David A. Morton, a former associate publisher at Rizzoli International Publications who oversaw Rizzoli's architecture program for nearly 30 years, died in an assisted living residence in Norfolk, Va., of lymphoma and chronic obstructive pulmonary disease on June 27. He was 89.

Morton joined Rizzoli in 1987, acquiring and editing books on architecture. At Rizzoli, he established a program of publications about leading architects and books that explored architecture from a theoretical and historical perspective. He published illustrated architecture books by such figures as Peter Eisenman, Frank Gehry, Zaha Hadid, Thom Mayne, and I.M. Pei, among others. Frank Lloyd Wright: The Houses, first published in 2005, remains one of Rizzoli's top-selling titles. Morton was named to the newly created position of associate publisher in 2008.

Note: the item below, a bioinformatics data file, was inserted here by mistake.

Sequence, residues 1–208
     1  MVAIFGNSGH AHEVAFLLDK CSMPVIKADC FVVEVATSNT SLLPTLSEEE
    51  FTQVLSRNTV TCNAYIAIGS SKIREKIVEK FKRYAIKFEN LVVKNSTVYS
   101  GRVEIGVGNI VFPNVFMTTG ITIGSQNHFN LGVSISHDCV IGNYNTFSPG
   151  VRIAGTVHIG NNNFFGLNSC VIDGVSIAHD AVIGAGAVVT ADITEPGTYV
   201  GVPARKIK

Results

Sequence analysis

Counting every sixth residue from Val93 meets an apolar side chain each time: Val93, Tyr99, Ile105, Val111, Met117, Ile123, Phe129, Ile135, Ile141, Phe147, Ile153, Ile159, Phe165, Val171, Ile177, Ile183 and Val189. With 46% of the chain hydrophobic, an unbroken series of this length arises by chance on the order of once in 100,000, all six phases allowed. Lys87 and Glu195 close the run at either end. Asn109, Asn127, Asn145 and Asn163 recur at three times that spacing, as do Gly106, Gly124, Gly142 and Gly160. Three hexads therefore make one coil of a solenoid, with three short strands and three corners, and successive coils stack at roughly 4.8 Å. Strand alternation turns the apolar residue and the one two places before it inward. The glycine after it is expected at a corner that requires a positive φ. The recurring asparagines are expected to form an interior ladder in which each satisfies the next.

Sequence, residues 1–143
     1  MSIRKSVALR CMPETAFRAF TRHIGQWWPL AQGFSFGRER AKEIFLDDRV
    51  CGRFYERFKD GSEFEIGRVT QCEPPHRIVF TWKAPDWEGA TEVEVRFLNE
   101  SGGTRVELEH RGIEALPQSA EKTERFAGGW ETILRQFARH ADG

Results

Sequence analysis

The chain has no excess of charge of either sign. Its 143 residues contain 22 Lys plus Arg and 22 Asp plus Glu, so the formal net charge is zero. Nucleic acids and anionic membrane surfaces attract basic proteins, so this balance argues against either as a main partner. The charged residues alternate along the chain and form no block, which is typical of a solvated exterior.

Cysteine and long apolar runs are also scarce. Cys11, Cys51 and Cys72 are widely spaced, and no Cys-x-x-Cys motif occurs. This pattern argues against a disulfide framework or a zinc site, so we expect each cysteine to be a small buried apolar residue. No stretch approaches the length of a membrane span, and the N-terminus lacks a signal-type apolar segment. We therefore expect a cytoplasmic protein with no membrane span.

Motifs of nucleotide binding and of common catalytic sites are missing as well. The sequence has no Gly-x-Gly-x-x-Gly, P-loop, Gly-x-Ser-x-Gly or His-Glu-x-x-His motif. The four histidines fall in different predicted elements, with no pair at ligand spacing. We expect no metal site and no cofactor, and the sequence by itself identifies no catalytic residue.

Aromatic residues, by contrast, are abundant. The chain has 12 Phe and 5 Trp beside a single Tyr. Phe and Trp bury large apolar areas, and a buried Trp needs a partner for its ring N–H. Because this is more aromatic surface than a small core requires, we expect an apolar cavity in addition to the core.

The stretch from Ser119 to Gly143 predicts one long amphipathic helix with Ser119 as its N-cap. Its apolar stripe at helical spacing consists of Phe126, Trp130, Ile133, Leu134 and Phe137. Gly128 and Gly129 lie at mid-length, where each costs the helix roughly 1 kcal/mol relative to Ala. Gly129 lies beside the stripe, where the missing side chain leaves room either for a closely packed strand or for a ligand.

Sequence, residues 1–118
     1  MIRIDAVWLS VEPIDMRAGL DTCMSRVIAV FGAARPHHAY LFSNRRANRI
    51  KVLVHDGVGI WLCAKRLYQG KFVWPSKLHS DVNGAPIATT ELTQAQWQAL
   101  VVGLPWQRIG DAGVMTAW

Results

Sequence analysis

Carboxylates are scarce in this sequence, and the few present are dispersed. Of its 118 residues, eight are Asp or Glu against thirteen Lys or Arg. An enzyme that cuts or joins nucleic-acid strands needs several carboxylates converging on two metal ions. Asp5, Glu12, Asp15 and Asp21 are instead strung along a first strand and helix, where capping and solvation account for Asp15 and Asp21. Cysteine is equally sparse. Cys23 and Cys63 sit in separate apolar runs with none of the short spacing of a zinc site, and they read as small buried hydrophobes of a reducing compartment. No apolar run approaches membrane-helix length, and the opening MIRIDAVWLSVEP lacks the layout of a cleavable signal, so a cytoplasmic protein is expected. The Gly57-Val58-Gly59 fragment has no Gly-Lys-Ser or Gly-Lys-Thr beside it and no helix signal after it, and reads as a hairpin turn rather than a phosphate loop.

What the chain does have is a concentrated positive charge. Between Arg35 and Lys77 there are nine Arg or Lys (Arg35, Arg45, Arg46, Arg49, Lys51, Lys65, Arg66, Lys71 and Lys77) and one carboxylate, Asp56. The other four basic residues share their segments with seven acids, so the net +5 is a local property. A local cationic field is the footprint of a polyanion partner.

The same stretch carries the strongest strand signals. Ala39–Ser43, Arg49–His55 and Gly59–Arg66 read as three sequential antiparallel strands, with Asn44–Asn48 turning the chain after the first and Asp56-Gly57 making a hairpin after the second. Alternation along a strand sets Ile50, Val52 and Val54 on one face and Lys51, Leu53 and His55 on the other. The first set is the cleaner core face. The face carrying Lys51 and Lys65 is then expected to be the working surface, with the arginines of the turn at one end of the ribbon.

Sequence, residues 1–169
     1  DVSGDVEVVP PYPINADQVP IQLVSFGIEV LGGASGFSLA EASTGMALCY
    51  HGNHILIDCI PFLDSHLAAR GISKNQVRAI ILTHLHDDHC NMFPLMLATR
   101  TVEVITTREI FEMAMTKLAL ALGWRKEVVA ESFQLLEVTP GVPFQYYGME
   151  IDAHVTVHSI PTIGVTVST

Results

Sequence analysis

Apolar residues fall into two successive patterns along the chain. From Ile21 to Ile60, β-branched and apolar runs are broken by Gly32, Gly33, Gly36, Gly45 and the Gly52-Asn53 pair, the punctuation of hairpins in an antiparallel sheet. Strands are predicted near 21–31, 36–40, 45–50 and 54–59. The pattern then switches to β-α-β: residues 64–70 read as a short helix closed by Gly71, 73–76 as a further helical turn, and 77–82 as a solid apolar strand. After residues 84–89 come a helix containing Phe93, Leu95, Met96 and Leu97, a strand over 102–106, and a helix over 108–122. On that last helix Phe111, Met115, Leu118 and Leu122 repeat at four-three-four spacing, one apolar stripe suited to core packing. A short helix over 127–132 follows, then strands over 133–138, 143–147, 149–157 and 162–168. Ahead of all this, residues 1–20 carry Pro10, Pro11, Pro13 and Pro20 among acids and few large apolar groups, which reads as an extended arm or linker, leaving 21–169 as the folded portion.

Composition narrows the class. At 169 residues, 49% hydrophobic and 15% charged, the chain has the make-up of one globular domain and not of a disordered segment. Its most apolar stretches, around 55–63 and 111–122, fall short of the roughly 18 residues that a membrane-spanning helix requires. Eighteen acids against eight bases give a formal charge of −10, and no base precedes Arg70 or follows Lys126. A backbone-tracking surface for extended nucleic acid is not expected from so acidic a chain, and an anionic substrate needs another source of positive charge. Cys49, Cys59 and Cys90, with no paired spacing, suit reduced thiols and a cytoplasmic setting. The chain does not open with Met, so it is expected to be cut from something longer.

“David helped make Rizzoli the preeminent publisher of architecture books," said Rizzoli publisher Charles Miers, in a statement. "His intellectual curiosity, far-reaching vision, high standards, and the seeming ease with which he produced so many books are unmatched.”

Under Morton’s guidance, Rizzoli also published books on such significant historical figures as Gunnar Asplund, Le Corbusier, Carlo Scarpa, Karl Friedrich Schinkel, and Louis Sullivan. These illustrated publications were combined with scholarly analyses written by such historians and theorists as Barry Bergdoll, Kurt Forster, Kenneth Frampton, Joan Ockman and Richard Guy Wilson.

In 2006, Morton received the Henry Hope Reed Award from the Richard H. Driehaus Prize for his contributions to highlighting classical architecture. In 2009, Rizzoli’s books devoted to both modern and classical styles earned Mr. Morton, along with Charles Miers, honors from the Sir John Soane’s Museum Foundation in New York.

A longtime resident of New York City, Morton was born in Tampa, Fla., on June 28, 1934. After graduating from the University of Florida in 1960, he relocated to New York, where he worked as an editor for Charles Scribner’s Sons. In 1970, Morton joined Progressive Architecture magazine, where he was eventually named executive editor.

Morton retired from Rizzoli in 2015 and moved to Norfolk in 2019. He is survived by a niece, Susan Armas-Mentado, and two nephews, Dirk Morton and Jon Witherspoon.